Starting a business in the healthcare industry requires careful analysis and planning. A healthcare startup must navigate issues such as corporate practice of medicine laws, Stark Law, Anti-Kickback Statute, Sunshine Act, HIPAA, and more. Of course, as with all startups, the business model must make sense while complying with securities regulations, employment laws, and basic principles of corporate governance. ASG Law can help guide new healthcare businesses through these matters.
The first step in setting up a startup in the healthcare field is to analyze the proposed structure for compliance. Many states, including Illinois, prohibit what is known as the “corporate practice of medicine,” meaning that only physicians or physician-owned entities can provide medical services (with some exceptions, such as licensed hospitals under certain circumstances). Therefore, a non-physician owned healthcare startup must ensure that its proposed services do not constitute the practice of medicine; or that the service is one that can be provided by non-physicians. Fee-splitting between physicians and their vendors is also often prohibited.
Startups that aim to provide services or products to medical practices must navigate self-referral and anti-kickback statutes. The federal Stark Law and related state statutes prohibit (with many exceptions) physician ownership in an entity to which the physician refers patient for “designated health services” (such as clinical laboratory services and durable medical equipment). The federal Anti-Kickback Statute and related state statutes prohibit any remuneration for referrals. These statutes often play a large role in structuring the relationship between physician groups and managed service organizations.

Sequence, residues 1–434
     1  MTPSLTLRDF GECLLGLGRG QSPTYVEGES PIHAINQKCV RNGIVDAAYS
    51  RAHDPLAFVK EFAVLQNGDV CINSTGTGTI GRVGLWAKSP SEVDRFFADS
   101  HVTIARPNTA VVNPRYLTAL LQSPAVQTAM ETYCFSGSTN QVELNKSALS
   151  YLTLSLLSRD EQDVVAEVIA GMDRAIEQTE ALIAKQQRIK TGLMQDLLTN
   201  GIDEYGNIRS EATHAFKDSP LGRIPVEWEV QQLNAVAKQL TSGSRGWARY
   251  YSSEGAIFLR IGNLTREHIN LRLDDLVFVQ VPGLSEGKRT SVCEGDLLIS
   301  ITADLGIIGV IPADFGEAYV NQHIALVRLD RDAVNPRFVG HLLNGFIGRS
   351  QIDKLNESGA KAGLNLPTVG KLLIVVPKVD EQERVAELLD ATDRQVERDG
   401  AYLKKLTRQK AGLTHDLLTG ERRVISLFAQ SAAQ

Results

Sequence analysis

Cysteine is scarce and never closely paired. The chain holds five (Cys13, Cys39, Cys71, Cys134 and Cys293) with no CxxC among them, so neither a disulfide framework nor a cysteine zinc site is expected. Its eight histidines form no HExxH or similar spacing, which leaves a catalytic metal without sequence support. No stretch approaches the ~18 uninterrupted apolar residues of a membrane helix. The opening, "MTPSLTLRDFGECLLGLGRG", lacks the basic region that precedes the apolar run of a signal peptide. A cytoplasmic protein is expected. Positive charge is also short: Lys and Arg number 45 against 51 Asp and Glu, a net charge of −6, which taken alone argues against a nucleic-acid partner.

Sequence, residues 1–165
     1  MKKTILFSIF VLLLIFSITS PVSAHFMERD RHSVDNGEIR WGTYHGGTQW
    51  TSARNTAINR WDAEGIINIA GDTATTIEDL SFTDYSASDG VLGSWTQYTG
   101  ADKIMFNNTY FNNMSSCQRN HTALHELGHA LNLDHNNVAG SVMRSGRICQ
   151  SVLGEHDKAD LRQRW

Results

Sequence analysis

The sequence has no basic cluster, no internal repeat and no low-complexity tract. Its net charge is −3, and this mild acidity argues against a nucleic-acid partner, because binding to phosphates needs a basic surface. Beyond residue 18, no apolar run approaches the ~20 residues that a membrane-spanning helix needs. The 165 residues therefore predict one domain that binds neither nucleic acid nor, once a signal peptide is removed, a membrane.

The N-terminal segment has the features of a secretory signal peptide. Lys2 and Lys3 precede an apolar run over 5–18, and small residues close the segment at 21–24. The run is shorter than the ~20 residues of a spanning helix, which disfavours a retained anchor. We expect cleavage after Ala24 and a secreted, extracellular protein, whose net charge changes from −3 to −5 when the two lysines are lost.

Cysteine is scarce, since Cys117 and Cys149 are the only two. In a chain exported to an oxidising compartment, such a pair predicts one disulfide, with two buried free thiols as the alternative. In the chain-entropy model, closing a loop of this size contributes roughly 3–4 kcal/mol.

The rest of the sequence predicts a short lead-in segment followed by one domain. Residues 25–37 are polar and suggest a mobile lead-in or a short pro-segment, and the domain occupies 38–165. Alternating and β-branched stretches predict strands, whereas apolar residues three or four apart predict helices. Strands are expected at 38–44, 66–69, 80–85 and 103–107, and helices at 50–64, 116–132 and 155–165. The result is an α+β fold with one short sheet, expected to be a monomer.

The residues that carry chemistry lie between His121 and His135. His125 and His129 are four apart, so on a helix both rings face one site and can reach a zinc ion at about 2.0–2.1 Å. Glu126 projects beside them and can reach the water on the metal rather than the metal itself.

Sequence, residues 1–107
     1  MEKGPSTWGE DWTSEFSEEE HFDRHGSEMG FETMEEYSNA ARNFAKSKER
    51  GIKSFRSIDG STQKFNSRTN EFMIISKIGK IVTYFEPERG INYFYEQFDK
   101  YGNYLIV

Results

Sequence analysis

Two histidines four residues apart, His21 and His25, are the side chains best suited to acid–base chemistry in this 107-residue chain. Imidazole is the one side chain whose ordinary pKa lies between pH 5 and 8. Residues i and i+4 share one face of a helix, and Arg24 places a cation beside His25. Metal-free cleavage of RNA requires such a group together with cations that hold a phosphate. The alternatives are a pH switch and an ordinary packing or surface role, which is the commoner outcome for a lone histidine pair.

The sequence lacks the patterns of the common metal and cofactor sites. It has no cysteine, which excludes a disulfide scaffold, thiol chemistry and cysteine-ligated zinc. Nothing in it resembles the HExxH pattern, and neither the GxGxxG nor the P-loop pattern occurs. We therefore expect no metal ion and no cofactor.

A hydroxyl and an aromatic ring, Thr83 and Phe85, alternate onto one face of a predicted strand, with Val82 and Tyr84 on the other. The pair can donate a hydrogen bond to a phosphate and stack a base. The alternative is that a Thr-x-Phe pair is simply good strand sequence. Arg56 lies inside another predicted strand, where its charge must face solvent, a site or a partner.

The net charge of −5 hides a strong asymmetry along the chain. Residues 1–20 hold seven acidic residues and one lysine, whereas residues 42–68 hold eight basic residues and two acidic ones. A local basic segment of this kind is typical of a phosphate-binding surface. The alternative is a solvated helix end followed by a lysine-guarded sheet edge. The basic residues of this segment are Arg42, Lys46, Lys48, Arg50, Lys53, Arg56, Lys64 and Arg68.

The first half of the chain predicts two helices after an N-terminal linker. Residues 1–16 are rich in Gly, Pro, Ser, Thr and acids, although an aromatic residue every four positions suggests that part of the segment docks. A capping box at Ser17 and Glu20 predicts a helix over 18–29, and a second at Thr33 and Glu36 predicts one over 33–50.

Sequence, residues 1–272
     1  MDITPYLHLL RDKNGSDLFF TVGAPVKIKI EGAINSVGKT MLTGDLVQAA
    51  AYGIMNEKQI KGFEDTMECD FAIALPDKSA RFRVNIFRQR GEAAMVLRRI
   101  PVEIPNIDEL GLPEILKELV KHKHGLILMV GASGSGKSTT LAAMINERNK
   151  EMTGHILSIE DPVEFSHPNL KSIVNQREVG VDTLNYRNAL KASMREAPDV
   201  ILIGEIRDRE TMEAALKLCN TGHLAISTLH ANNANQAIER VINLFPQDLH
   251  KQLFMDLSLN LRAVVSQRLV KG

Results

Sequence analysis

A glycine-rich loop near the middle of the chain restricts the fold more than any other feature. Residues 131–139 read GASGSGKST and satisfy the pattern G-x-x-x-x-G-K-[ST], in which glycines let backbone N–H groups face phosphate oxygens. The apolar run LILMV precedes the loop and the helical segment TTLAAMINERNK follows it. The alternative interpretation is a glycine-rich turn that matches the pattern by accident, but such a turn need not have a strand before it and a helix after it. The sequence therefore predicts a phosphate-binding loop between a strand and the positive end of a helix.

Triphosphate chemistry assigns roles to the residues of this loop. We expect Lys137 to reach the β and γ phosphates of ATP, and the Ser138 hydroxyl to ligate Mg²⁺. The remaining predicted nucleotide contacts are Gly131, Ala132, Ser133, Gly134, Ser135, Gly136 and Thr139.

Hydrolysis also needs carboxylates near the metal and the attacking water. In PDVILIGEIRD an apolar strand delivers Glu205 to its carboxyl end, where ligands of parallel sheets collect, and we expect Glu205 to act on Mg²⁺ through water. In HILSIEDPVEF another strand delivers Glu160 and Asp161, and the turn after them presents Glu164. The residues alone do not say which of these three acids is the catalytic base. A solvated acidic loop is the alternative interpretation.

Failure to comply with securities regulations can have severe consequences for both the startup and its investors. Such regulations apply even when raising relatively small amounts from “friends and family.” Including capital requirements and sources in the business’s initial strategy is key. Issues include how the raise should be structured (equity, debt, hybrid), control of the business, and percentage ownership. If employees, advisors and contractors are going to be compensated with equity, then such compensation scheme needs to be properly structured.
Appropriate disclosures must also be made to potential investors. The requirements for such disclosures vary depending upon the size of the raise, and the qualifications of the investors; but care must always be given that the information is not misleading. Disclosures can require special attention in the healthcare industry, where the business is not providing medical services directly, but rather is relying on servicing physicians or physician groups.
If a healthcare startup’s revenue is generated from government reimbursements or insurance company payments, then accreditation and provider contracts (if dealing with a private payor) are crucial. The accreditation process can be lengthy, burdensome, and non-intuitive. Negotiating contracts with insurance companies can be challenging, especially for new or innovative services and products. Having a guiding hand can be the difference between success or failure for a new business.
As with all startups, choosing the right entity, such as an LLC or C-Corp, impacts how the business will be managed. Further, it is important to have policies and agreements in place for employees and independent contractors. Finally, vendor contracts, customer contracts, and joint venture agreements must not only protect the business’s rights, they must comply with necessary regulations, such as HIPAA.